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Published: Friday, 7/18/2003

Flotilla draws big crowds

BY GEORGE J. TANBER
BLADE STAFF WRITER

Yesterday, Day 2 of the Huntington Tall Ships Toledo festival, was the day people had been waiting for.

The ships were open for tours for the first time.

And what they saw, they liked.

“It's everything I thought it would be and more,” said Glenn Redman, of Bucyrus, Ohio.

Mr. Redman and his wife, Linda, avid sailors, spent Wednesday along with thousands of spectators who lined the Maumee River watching the 16 ships enter the downtown riverfront during the festival's opening parade.

They stayed overnight at the Wyndham Hotel and were at International Park yesterday afternoon, where nine of the ships welcomed visitors.

Their first stop was the HMS Bounty, a replica of a 17th century ship that was built in 1960 for the movie Mutiny on the Bounty. With lines stretching 150 yards and more, the Bounty, moored next to the Anthony Wayne Bridge, clearly was the most popular attraction.

On board, Mrs. Redman grabbed the wheel, which towered above her, and cracked, “No power steering.”

In a more serious vein, she wondered how 45 sailors ate and slept in an area the size of a two-car garage.

“No wonder they mutinied,” she said.

Miami resident Tom Conlon, 21, paints the yard arm of the HMS Bounty as tours of the ship go on far below him. The replica of a 17th-century ship, built in 1960 for the movie Mutiny on the Bounty, was a hit with festival-goers yesterday. Miami resident Tom Conlon, 21, paints the yard arm of the HMS Bounty as tours of the ship go on far below him. The replica of a 17th-century ship, built in 1960 for the movie Mutiny on the Bounty, was a hit with festival-goers yesterday.
KING / BLADE Enlarge

Deck hand Melanie Partin, of Conway, Ark., patiently answered questions.

George Walters, of Dayton, wondered how the crew handled medical emergencies at sea. Ms. Partin told him most of the crew were schooled in basic first aid.

“If it's serious, we call the Coast Guard,” she said.

Rick Wunderley, of Findlay, a Mayflower descendant, was astounded by the ship's intricate design and construction, which he assumed was state-of-the-art for its time.

“How we look at aerospace today is probably how kids then looked at this ship,” he said.

The number of visitors yesterday was not as large as those who watched the ships parade on Wednesday. Organizers, who predicted crowds of 20,000 or more each day, said that will change beginning today.

“It will build from here. By Sunday, people will realize if they don't see them, they will be gone tomorrow,” said Patti Lock, who recruited the ships for the festival.

Still, lines of varying length formed in front of each of the ships docked at International Park and the three anchored at the Owens-Illinois Boat Basin near Promenade Park. Two of the ships - the Appledore IV and the Red Witch - spent the day carrying tourists up and down the river. The Redmans had hoped to sign on, but discovered the tours were filled.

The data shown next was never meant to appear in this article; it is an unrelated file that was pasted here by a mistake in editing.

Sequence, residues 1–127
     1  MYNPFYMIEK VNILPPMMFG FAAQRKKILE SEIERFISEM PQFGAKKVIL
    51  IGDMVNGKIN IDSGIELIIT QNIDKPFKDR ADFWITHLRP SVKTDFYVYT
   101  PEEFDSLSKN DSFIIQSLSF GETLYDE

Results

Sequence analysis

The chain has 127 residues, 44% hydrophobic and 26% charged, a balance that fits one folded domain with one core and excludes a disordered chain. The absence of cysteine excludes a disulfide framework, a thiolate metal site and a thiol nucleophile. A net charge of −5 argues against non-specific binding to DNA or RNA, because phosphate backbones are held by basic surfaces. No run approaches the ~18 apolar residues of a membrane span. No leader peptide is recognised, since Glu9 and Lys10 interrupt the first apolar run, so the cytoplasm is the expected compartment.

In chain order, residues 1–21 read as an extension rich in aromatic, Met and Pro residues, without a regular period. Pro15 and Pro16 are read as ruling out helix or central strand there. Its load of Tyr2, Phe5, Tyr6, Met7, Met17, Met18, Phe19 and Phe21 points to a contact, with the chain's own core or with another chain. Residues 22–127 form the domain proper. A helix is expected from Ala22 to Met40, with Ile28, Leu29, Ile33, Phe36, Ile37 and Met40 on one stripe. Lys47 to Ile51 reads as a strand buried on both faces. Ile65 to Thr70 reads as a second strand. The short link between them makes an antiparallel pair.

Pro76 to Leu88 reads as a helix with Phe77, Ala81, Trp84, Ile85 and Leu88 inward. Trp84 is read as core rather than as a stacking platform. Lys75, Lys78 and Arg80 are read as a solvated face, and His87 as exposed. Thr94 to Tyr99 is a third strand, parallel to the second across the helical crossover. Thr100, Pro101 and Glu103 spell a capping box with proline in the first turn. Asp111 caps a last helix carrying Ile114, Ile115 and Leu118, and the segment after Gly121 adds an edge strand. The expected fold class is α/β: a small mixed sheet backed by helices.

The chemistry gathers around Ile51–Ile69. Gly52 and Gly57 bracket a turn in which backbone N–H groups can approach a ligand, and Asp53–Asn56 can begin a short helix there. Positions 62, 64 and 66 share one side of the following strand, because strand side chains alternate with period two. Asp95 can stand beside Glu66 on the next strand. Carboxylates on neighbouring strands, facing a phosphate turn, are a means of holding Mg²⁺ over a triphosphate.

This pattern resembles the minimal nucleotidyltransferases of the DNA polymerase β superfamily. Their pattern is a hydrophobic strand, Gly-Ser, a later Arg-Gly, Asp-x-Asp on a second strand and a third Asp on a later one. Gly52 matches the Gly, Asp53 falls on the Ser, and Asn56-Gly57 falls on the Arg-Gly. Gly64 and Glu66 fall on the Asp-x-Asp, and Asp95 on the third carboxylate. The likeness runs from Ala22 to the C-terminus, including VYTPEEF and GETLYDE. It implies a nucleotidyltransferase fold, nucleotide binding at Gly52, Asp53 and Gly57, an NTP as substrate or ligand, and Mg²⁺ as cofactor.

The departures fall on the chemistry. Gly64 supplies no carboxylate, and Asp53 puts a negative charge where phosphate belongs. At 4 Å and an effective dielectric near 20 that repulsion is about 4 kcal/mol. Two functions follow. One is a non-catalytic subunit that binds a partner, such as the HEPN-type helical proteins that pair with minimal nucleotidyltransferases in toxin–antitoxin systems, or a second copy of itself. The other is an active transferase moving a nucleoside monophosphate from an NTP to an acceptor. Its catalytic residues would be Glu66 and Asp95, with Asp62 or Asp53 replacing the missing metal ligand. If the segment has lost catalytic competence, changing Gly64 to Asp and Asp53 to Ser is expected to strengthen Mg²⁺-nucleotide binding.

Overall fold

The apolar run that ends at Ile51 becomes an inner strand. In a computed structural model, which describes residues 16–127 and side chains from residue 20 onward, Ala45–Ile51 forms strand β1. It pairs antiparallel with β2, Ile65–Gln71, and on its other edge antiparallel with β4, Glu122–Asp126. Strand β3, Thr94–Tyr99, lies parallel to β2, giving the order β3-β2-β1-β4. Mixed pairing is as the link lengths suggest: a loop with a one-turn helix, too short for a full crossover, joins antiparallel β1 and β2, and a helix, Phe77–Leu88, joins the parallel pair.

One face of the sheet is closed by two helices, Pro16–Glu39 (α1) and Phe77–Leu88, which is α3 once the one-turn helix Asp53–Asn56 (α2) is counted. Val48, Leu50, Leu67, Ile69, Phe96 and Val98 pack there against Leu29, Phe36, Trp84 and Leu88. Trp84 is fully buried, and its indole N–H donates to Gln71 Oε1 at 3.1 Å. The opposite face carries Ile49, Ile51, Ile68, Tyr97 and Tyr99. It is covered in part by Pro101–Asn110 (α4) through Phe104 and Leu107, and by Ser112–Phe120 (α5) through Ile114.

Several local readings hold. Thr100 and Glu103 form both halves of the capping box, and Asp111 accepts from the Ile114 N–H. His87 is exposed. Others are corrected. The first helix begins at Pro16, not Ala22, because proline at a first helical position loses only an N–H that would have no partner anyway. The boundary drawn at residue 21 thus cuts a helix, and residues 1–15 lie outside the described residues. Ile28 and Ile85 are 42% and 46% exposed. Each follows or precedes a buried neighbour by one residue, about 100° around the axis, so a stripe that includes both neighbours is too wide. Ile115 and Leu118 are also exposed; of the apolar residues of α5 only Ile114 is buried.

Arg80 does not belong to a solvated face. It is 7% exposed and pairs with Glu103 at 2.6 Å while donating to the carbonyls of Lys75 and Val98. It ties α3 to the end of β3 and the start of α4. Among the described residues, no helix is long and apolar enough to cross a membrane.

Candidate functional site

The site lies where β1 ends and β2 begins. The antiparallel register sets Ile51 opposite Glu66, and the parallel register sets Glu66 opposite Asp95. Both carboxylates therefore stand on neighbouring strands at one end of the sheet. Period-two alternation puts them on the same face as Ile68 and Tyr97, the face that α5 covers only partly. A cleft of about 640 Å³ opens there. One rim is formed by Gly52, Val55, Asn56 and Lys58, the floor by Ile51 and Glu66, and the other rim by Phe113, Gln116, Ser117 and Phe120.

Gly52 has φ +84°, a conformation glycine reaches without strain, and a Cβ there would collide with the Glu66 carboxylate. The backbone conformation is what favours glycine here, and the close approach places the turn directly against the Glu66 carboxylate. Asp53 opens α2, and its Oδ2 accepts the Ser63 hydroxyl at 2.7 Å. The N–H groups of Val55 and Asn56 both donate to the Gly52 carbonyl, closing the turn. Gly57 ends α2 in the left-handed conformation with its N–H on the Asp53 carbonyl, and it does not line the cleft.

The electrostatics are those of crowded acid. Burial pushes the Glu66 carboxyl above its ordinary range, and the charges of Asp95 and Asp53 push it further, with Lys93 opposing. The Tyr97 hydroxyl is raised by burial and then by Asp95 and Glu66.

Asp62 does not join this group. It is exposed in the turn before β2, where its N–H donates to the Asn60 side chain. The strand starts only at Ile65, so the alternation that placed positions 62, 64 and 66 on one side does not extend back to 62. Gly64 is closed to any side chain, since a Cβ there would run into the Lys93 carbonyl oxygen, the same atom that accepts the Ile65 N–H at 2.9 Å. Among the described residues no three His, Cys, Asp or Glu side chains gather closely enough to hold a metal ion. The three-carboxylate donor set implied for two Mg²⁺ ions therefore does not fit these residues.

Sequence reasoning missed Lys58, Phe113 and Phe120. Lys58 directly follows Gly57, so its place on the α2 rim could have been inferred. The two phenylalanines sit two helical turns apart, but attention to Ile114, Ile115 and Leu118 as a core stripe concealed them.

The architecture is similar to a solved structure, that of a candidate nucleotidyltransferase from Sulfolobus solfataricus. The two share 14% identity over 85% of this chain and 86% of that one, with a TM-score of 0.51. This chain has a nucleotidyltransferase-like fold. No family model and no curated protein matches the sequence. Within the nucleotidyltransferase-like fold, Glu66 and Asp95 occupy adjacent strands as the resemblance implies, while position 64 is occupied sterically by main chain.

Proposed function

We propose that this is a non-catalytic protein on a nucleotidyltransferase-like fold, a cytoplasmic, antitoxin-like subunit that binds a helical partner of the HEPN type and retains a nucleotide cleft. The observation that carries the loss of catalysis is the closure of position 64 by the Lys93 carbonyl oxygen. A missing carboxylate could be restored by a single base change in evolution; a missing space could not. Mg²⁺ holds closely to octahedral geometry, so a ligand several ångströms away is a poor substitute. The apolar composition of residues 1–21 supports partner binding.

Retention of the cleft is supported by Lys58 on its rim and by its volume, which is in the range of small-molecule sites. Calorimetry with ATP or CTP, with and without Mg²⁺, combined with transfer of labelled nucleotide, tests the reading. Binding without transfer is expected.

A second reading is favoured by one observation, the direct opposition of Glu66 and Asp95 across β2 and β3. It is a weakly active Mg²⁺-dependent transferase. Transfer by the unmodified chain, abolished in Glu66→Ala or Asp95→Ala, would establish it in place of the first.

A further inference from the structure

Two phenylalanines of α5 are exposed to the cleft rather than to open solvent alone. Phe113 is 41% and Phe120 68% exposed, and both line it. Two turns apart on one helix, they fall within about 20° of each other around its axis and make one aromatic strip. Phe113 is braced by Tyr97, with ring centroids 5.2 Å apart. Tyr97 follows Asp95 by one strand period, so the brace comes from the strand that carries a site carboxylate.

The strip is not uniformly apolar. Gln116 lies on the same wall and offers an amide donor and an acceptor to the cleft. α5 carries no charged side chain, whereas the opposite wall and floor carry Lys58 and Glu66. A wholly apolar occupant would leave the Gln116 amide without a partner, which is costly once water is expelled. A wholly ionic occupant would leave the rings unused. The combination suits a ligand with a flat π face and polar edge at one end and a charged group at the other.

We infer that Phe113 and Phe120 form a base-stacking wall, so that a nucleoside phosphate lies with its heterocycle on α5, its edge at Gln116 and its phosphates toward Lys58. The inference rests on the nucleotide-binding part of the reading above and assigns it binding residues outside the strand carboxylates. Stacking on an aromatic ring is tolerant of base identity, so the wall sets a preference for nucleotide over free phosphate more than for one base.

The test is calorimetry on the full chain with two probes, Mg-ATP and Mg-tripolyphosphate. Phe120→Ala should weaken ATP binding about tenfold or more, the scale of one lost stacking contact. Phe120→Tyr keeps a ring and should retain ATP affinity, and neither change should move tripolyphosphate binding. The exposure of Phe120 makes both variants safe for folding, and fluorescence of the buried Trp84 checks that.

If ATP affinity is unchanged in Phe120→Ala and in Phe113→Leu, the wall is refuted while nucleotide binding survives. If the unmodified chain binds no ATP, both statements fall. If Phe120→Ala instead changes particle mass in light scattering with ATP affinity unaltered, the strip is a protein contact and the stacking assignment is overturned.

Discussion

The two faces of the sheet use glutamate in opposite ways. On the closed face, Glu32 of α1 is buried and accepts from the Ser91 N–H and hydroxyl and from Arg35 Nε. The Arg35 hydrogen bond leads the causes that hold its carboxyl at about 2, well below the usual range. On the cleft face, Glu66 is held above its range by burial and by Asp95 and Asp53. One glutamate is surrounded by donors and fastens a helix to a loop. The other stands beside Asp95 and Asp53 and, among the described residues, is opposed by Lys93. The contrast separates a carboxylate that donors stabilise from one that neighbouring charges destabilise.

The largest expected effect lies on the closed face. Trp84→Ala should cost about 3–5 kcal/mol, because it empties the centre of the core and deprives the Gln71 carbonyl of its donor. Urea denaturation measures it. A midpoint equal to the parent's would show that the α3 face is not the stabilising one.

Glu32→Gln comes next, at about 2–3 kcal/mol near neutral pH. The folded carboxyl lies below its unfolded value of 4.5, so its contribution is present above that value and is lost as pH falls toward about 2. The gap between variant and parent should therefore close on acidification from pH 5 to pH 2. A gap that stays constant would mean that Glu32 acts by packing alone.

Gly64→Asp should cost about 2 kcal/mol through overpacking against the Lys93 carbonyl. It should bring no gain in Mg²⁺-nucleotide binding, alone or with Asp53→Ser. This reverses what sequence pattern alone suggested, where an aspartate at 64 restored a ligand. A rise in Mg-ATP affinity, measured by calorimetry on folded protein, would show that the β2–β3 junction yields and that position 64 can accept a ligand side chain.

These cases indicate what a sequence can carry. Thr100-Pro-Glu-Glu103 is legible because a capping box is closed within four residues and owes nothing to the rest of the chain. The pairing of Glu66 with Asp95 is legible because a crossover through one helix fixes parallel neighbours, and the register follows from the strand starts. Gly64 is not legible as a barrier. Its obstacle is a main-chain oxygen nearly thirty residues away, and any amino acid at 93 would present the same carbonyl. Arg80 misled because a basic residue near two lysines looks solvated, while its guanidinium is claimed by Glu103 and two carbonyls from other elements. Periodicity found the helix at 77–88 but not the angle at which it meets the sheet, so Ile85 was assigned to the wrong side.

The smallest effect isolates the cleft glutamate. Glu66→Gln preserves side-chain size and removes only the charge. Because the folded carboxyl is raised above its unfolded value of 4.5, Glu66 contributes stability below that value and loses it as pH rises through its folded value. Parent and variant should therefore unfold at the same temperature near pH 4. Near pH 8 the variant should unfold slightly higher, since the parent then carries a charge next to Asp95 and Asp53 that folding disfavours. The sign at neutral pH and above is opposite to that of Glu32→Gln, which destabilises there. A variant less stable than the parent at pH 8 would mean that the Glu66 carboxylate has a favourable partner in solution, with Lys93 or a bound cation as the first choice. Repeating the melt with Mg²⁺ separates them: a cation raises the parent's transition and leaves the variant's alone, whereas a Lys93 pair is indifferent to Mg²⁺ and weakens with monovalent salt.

People over 9 years old paid $15 to tour the ships. Vendors lined up the length of the ships hoping to cash in as well. A lemonade was $4, a gyro $5, a coffee mug $10. Programs sold for $5.

The day, like Wednesday, was hot and sunny with low humidity. Organizers set up tents on the knoll above the ships. Some visitors, like Mary White of Columbus, found the shade, cooled considerably by a brisk wind, comforting.

While her family toured the ships, she read a book and glanced occasionally at her favorite ship, Highlander Sea. She had once sailed on a similar vessel in Vancouver.

“It's beautiful,” she said.

Eshon Howard, 4, behind his brother Julian Howard, 1, and Jaden Fordham, 4, right, take the wheel of the Bounty. Eshon Howard, 4, behind his brother Julian Howard, 1, and Jaden Fordham, 4, right, take the wheel of the Bounty.
KING / BLADE Enlarge

Some visitors learned more than how a ship operates. On the True North, after First Mate Kyle Boland of Toronto explained the workings of the ship's magnetic compass, he explained how the ship often hosted youth camps to help defer expenses.

Initially, he said, most of the youths complain about the food and despise the work. By the end of their tours, they don't want to leave.

“We teach them how to sail, but the most important thing they learn is how to work together and learn to work in a small space,” he said.

Another popular ship was the INS Tarangini, a Indian Navy vessel. Jitendra Rai, the ship's medic, said the Tarangini left India Jan. 23 and won't return until May. He's one of five sailors who has yet to return home.

“I miss my family a lot,” said Mr. Rai, who has a favorable impression of the Toledo waterfront. “It's much cleaner than New York.”

Crowds were thinner at the Owens-Illinois basin, where the Nina was the most popular attraction. The replica of the Christopher Columbus ship was built in 1991 in Brazil.

Todd Boggs of Maumee, aboard the Nina, wondered how the sailors of that time dealt with the difficult living conditions. But he was most impressed by the plaque on the ship's boat, used to ferry people from the shore to the mother ship. The boat was built by a 14-year-old apprentice whose family built the Nina.

Since a number of the visitors parked downtown and visited the Nina before heading on foot to the east bank, they hadn't yet paid and were missing the blue admission wrist band. The ship's crew welcomed them aboard anyway.

“They came all this way. We were not going to turn people ” said deck hand Brooke Wright of Holland, Mich.

Crew members like Ms. Wright are in demand. Several ships had “help wanted” signs posted. The Caledonia's plight is more urgent: The crew is seeking a cook.

Its search could be a long one.

“Hard work. Long hours. Brutal pay,” the sign said.



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